First, thank you for providing a clear sample of your code.
It seems you are providing this branching for the purpose of this logic: "If a filter value is specified, use it, otherwise don't filter." How I usually approach this kind of scenario is to declare the parameters as nullable, then put the "if there's a value" test right into a single query like this:
DECLARE @ProductID int = null;
DECLARE @BuildID int = null;
DECLARE @StatusID int = null;
SELECT * FROM tblTestLog
ProductID = ISNULL(@ProductID, ProductID)
AND BuildID = ISNULL(@BuildID, BuildID)
AND AnalystStatusID = ISNULL(@StatusID, AnalystStatusID)
Using this logic, the right side of the test for any parameter passed as null or not passed at all) will revert to the row's field value and thus will always be true. When all are null all rows will be returned.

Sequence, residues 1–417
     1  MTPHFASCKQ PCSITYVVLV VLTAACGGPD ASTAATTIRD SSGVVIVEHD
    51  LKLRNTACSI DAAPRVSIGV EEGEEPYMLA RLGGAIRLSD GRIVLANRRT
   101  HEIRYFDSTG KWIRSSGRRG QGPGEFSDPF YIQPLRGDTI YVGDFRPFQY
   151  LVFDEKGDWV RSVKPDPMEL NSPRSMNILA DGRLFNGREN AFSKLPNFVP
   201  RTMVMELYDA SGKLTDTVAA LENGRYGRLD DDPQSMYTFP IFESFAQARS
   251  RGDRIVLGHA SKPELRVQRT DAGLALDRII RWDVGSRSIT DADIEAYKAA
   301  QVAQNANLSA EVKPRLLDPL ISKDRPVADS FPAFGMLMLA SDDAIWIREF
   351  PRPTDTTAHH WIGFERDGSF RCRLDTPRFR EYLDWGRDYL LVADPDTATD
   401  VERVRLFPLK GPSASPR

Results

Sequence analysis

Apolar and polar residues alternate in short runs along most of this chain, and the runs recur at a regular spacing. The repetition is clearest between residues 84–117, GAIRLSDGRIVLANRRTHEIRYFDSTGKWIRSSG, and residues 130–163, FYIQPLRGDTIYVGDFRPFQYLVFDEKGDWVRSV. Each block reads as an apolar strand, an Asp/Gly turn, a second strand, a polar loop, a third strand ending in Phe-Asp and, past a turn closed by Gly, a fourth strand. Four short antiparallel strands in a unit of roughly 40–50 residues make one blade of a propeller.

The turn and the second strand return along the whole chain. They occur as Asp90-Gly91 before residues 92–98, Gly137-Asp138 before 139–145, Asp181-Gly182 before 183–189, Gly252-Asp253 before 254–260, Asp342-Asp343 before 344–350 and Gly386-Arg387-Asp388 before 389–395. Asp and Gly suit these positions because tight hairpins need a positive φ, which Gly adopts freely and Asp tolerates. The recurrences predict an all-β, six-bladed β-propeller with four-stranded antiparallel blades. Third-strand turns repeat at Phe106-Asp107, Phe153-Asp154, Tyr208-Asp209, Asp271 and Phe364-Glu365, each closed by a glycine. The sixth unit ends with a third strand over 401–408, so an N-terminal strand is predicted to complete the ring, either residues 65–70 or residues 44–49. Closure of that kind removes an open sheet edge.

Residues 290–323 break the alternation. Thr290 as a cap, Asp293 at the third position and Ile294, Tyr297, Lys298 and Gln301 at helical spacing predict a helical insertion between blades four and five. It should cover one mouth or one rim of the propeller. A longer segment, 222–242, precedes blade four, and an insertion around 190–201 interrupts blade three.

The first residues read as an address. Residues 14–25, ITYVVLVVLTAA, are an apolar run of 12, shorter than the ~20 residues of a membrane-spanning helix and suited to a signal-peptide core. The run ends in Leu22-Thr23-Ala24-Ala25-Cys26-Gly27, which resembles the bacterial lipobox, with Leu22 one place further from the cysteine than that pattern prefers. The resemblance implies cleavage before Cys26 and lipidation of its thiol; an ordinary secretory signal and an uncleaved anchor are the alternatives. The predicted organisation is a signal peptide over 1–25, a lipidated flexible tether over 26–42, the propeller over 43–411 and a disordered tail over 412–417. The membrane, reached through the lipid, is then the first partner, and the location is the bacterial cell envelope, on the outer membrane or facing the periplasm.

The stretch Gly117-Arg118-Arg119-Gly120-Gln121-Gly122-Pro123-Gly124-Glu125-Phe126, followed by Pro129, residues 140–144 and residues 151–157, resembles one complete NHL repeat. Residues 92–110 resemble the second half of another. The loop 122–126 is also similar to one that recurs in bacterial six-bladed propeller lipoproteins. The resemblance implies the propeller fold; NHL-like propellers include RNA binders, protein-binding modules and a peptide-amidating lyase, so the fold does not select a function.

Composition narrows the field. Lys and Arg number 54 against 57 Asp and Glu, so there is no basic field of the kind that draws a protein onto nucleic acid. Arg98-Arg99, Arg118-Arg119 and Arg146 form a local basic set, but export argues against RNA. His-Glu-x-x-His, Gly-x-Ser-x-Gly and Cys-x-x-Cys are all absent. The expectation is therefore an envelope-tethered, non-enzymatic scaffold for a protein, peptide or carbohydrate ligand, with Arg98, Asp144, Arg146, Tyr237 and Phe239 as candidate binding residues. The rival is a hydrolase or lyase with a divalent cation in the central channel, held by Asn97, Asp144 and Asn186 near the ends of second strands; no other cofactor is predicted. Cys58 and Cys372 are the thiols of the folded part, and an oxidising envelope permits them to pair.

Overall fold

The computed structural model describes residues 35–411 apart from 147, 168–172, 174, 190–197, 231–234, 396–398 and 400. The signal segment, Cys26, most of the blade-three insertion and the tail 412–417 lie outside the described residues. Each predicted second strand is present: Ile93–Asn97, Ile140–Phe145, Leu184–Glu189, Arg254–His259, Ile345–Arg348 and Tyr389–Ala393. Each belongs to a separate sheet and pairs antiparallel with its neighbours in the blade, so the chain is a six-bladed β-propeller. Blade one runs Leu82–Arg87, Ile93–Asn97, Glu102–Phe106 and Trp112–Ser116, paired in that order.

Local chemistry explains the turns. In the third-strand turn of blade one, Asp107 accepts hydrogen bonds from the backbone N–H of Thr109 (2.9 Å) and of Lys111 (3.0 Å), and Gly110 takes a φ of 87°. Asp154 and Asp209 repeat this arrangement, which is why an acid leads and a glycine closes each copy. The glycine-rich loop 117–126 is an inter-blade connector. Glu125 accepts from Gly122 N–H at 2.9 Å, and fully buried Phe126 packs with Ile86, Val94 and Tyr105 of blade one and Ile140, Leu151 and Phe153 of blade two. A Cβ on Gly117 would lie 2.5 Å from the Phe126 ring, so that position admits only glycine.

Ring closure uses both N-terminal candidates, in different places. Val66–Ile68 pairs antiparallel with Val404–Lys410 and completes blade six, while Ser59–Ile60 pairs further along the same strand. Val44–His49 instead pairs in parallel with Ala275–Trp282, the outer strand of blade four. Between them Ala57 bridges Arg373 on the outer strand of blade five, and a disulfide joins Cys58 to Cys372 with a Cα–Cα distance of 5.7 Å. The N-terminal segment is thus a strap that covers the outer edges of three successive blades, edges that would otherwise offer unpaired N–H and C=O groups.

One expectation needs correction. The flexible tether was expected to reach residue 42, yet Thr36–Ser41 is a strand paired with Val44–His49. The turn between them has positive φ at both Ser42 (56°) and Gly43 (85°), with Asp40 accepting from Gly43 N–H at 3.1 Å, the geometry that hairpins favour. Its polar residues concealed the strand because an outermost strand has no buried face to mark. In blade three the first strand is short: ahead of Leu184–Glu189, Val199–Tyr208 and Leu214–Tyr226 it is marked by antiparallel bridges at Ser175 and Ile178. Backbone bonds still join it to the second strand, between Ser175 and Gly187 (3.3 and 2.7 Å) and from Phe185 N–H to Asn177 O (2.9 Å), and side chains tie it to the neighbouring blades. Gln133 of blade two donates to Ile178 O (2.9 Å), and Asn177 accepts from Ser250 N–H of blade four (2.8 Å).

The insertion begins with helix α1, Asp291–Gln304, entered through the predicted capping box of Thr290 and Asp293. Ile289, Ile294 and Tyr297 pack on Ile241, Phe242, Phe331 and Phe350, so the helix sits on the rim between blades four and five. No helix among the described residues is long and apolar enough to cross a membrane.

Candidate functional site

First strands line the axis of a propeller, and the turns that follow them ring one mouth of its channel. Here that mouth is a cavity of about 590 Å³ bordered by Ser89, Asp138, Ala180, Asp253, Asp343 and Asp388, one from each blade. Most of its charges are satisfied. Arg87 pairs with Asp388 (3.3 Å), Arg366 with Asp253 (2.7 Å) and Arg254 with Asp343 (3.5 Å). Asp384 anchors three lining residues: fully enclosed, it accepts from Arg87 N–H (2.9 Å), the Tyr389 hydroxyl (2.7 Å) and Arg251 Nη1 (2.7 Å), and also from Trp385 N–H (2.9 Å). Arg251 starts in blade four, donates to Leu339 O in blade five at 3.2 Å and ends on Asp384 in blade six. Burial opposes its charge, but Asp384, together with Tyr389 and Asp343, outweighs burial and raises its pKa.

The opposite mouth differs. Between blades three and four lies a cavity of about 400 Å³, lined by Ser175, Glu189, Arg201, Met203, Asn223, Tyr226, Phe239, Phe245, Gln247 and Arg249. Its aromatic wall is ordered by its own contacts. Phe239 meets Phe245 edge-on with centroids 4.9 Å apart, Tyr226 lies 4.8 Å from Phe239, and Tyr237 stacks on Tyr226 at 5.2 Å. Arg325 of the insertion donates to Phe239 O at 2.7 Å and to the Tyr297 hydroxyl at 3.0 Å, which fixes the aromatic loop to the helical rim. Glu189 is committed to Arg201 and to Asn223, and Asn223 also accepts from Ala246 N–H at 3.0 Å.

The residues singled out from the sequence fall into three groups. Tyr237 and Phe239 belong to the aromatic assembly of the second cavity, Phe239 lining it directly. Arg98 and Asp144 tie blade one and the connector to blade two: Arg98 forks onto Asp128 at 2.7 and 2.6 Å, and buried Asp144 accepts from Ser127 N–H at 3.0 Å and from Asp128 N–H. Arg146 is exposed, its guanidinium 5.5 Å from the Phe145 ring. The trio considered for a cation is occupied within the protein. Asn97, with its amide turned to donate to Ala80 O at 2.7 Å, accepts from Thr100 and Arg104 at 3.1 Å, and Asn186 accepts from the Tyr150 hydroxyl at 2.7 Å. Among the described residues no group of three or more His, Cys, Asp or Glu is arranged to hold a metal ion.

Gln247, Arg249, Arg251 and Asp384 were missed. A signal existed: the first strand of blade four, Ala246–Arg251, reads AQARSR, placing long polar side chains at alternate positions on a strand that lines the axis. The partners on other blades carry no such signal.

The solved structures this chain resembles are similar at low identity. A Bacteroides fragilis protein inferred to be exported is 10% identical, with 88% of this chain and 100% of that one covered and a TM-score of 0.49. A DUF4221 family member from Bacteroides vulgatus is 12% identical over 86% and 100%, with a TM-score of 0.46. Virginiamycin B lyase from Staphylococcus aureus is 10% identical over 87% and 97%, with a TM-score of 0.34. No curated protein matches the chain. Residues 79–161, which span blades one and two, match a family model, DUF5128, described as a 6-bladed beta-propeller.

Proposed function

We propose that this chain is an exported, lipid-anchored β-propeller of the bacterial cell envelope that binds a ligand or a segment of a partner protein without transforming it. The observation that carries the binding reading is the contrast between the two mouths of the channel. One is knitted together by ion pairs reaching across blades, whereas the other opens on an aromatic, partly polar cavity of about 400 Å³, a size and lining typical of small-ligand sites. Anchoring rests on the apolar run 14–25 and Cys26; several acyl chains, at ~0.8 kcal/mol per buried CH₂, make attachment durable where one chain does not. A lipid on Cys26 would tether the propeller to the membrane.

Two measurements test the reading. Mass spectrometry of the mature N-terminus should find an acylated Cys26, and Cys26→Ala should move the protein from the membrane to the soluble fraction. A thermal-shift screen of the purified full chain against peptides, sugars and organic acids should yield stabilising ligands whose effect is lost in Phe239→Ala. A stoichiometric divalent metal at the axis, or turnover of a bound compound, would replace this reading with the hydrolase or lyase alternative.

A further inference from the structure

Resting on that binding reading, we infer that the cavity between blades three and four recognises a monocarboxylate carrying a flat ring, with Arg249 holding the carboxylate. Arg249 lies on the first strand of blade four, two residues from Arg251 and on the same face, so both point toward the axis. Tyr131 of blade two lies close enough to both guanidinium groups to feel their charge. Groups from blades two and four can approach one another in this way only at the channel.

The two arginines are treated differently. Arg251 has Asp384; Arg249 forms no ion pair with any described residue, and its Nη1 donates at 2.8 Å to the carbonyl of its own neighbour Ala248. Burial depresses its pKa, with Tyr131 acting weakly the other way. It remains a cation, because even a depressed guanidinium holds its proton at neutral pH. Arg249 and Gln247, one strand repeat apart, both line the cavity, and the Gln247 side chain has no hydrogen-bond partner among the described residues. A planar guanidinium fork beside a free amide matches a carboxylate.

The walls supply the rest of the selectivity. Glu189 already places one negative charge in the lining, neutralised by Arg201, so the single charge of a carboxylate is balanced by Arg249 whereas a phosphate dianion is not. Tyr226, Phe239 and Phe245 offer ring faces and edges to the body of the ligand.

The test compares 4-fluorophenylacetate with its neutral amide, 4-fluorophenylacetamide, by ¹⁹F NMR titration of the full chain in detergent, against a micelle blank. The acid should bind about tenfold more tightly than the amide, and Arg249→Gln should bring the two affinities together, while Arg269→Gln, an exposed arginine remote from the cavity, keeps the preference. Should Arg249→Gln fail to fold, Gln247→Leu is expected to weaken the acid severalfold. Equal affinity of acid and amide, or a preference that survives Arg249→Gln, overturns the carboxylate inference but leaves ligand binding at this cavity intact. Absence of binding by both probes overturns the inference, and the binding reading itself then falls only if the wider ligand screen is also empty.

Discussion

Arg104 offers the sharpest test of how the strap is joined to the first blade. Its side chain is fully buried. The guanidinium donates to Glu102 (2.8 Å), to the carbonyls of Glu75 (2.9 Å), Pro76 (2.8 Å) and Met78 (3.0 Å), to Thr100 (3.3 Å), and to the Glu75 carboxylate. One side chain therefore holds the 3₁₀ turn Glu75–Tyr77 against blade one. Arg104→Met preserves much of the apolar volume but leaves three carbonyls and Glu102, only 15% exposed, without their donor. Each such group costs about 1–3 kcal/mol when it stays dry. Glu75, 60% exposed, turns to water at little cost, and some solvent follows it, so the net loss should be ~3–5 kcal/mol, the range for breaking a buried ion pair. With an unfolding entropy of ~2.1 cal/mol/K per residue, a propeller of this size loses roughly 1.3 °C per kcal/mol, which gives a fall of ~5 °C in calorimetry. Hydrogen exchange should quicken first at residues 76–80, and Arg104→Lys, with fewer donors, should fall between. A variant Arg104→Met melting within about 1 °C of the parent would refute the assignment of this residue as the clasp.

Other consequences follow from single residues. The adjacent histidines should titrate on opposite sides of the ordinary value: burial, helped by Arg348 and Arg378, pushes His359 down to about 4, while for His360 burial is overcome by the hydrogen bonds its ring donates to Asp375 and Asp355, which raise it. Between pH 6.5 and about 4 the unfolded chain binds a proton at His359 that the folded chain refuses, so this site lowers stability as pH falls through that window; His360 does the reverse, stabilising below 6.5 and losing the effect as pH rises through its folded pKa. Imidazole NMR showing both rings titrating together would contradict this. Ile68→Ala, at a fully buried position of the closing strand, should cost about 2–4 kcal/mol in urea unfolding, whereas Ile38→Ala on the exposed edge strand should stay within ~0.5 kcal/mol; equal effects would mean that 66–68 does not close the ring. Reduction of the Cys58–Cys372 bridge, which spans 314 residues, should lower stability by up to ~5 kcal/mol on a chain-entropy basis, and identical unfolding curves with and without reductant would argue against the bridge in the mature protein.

You then just need to move the logic of what parameters to pass to the query into the application code instead of the database. This gives you the added benefit of not needing any "magic numbers" in the query/proc.
I have used this technique extensively for the purpose of having a single stored procedure that can be used for optionally filterable record retrieval and have not found there to be performance problems. Arguably, there is some overhead in the execution plan for the where clause testing of each row, but I haven't noticed it having an impact. It certainly makes for considerably less procs.